Four billion people across the globe are at the bottom of the world economic pyramid. These people living in poverty, like everyone, need access to financial services in order to find opportunities to improve their lives and their communities. Microfinance works on the principle that such individuals, with some financial support and assistance, can launch their own income generating activities. This principle of Microfinance involves supplying poor or low-income individuals, frequently women, with financial services such as micro-credits; very small loans, provided by microfinance institutions (MFIs) and often repayable within 6 to 12 months. Capital to support MFI activities is raised from aid and government agencies, NGOs, institutional and retail donors and investors. In the case of investors, the capital may often be channeled through microfinance investment vehicles, (MIVs), which is where the involvement of the Luxembourg investment funds sector is evident.
Luxembourg offers a full range of regulated investment vehicles relevant for microfinance investments.
The most common types of regulated vehicles that may be used for the purposes of microfinance investments are:
> Part II Fund (“UCI”), under the law of 20 December 2002;
> Specialised Investment Fund (“SIF”), under the law of 13 February 2007;
> Risk capital company (“SICAR”), under the law of 15 June 2004;
> Securitization vehicle, in the form of a regulated securitization fund or unregulated securitization company, under the law of 22 March 2004.
The choice of vehicle will depend upon the profile of investors, their requirements, and the type of financial instruments used to invest in Microfinance.
The first microfinance funds invested primarily in senior and subordinated debt instruments; refinancing micro, small and medium enterprises through microfinance institutions. However, new funds are currently diversifying their investment universe by providing funds through equity and quasi-equity participations. This is subject to using the investment proceeds for micro-credit to final beneficiaries, risk sharing loans for the purpose of providing micro-credit to final beneficiaries combined with risk participation between the eligible financial intermediaries and the fund in such micro-credits.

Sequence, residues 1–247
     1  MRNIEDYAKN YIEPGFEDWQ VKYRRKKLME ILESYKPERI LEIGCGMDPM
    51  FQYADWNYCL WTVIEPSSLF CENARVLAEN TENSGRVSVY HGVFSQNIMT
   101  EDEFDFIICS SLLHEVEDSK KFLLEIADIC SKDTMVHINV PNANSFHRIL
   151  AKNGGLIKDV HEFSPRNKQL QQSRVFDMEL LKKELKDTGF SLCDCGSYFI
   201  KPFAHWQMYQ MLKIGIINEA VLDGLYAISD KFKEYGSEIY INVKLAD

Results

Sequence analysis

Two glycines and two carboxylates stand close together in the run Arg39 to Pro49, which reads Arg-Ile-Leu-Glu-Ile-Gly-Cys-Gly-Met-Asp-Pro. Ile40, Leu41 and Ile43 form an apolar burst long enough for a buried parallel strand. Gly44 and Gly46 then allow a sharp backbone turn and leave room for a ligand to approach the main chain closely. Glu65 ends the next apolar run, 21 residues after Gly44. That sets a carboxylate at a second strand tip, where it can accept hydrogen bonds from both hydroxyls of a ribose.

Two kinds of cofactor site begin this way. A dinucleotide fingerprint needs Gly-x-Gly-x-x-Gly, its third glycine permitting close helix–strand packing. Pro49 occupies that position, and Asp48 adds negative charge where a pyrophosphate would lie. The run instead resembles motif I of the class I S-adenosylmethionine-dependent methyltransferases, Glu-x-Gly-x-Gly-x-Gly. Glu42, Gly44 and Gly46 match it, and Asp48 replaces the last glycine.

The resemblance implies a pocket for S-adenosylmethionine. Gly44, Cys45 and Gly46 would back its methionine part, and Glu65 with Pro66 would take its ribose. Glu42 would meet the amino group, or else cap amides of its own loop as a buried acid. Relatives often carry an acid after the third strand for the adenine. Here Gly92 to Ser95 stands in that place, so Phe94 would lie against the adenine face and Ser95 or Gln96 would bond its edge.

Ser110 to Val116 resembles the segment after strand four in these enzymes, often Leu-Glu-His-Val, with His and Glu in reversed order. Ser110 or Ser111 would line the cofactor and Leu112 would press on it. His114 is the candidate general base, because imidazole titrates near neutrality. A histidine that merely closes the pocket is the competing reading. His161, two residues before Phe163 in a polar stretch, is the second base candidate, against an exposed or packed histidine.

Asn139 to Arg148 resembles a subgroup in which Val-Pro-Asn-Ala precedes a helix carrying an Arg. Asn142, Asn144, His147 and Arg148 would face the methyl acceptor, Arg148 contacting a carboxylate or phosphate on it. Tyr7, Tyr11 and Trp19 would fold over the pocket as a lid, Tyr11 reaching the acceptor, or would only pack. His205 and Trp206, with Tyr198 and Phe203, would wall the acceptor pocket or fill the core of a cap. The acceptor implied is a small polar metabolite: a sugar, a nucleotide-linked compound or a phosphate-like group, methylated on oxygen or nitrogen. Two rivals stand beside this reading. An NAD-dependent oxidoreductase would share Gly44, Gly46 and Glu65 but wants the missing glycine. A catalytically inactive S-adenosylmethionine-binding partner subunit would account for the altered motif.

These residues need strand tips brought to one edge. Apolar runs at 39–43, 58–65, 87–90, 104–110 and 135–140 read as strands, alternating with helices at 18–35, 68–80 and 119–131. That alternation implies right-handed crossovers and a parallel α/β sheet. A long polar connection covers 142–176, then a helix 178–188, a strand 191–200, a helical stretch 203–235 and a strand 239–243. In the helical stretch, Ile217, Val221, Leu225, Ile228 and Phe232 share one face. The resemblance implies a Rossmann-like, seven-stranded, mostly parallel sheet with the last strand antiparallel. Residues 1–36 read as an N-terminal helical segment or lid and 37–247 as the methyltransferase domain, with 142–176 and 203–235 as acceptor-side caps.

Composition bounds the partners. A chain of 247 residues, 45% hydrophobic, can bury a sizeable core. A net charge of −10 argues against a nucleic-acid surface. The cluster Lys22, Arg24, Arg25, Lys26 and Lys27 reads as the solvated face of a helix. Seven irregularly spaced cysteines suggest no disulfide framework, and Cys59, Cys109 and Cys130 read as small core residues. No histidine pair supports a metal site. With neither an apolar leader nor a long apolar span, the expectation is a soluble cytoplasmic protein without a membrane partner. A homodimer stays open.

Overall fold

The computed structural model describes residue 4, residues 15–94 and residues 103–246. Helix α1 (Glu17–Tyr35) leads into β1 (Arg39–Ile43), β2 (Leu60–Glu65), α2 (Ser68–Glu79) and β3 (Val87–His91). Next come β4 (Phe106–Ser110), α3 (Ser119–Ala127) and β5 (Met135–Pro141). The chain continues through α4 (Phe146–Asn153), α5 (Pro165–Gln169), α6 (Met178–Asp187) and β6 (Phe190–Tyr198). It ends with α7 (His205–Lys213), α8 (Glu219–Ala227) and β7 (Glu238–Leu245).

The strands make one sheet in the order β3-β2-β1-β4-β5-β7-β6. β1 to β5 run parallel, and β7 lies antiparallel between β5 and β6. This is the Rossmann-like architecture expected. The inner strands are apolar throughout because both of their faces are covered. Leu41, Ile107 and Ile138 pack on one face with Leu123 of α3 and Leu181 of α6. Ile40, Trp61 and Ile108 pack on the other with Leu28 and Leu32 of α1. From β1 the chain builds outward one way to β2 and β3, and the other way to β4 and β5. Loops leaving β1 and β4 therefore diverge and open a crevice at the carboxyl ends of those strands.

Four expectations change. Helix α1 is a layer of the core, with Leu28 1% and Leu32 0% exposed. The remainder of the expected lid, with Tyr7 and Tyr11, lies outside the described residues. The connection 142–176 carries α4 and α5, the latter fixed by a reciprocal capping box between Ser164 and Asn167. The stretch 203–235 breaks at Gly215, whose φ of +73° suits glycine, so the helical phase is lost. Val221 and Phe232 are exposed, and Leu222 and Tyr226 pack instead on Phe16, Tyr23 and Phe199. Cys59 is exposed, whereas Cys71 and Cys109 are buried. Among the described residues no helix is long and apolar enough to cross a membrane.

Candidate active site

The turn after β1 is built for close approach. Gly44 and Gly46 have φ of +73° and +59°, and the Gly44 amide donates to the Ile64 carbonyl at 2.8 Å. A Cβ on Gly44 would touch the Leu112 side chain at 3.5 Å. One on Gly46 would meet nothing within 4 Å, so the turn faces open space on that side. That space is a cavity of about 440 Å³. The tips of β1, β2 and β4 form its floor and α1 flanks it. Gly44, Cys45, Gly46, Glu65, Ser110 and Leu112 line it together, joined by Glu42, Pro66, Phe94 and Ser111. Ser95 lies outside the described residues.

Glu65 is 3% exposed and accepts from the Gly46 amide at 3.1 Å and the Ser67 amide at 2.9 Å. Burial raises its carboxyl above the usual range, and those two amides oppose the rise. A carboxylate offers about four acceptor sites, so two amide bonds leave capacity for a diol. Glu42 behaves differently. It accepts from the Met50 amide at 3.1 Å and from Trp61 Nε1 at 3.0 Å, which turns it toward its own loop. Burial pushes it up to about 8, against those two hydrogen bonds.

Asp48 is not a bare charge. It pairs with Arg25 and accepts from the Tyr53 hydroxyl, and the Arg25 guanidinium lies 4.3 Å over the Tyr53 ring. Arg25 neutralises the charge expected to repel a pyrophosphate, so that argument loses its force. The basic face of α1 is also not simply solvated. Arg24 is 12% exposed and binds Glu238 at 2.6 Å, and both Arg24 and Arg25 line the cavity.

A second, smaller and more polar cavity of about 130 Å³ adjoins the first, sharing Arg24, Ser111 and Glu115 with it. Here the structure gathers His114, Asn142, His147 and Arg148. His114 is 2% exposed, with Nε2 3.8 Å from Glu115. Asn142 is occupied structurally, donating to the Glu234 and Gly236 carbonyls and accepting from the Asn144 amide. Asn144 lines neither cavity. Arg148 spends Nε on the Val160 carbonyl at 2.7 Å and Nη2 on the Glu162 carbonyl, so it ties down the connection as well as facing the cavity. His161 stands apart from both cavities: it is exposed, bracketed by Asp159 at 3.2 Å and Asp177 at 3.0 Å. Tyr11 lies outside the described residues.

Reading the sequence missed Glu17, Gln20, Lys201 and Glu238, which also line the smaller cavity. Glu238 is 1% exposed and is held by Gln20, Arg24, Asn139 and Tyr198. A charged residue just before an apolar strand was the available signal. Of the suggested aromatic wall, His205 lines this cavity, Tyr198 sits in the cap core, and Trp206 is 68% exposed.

In addition to offering adequate investment structures, Luxembourg has demonstrated its willingness to be a centre of excellence within which to set up microfinance vehicles. One example of this is that since 14th July 2010, a Grand Ducal Regulation allows an exemption of the subscription tax to UCIs and SIFs investing at least 50% of their assets in microfinance investments, or to those which have obtained the Luxflag label.
Recently, the Luxembourg Government has launched a joint venture called LUMINIS Microfinance with MicroRate, the US-based microfinance rating agency, and LuxFLAG to provide important information on MIVs for investors.
Finally, the Luxembourg government has also supported a number of key players encouraging the development of the Microfinance sector within Luxembourg (ADA, E-MFP, Lux-Development, LuxFLAG…).
All these initiatives demonstrate that Luxembourg is a well positioned hub in the field of microfinance. Indeed, around 25 per cent of microfinance investment vehicles (MIV) are domiciled in Luxembourg (1), representing 46 per cent of the World’s MIV assets.
(1) Source: Commission de Surveillance du Secteur Financier